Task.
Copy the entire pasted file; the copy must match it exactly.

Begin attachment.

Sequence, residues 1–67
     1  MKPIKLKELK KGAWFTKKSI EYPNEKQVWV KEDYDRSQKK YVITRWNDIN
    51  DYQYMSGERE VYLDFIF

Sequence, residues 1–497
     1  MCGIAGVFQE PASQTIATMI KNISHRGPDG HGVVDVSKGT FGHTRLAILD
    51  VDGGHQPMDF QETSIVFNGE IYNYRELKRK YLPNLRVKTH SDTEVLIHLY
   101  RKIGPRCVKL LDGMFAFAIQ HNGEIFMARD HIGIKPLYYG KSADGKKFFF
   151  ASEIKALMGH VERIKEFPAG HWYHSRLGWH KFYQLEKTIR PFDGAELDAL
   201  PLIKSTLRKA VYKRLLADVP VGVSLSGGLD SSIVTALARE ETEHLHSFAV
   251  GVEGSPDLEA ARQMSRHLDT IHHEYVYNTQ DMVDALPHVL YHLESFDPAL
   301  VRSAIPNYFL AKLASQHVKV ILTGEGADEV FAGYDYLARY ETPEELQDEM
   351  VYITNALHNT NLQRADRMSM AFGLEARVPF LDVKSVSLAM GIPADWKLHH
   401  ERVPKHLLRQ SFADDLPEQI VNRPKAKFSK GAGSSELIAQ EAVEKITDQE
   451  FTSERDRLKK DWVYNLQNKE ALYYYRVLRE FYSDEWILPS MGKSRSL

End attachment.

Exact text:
Sequence, residues 1–67
     1  MKPIKLKELK KGAWFTKKSI EYPNEKQVWV KEDYDRSQKK YVITRWNDIN
    51  DYQYMSGERE VYLDFIF

Sequence, residues 1–497
     1  MCGIAGVFQE PASQTIATMI KNISHRGPDG HGVVDVSKGT FGHTRLAILD
    51  VDGGHQPMDF QETSIVFNGE IYNYRELKRK YLPNLRVKTH SDTEVLIHLY
   101  RKIGPRCVKL LDGMFAFAIQ HNGEIFMARD HIGIKPLYYG KSADGKKFFF
   151  ASEIKALMGH VERIKEFPAG HWYHSRLGWH KFYQLEKTIR PFDGAELDAL
   201  PLIKSTLRKA VYKRLLADVP VGVSLSGGLD SSIVTALARE ETEHLHSFAV
   251  GVEGSPDLEA ARQMSRHLDT IHHEYVYNTQ DMVDALPHVL YHLESFDPAL
   301  VRSAIPNYFL AKLASQHVKV ILTGEGADEV FAGYDYLARY ETPEELQDEM
   351  VYITNALHNT NLQRADRMSM AFGLEARVPF LDVKSVSLAM GIPADWKLHH
   401  ERVPKHLLRQ SFADDLPEQI VNRPKAKFSK GAGSSELIAQ EAVEKITDQE
   451  FTSERDRLKK DWVYNLQNKE ALYYYRVLRE FYSDEWILPS MGKSRSL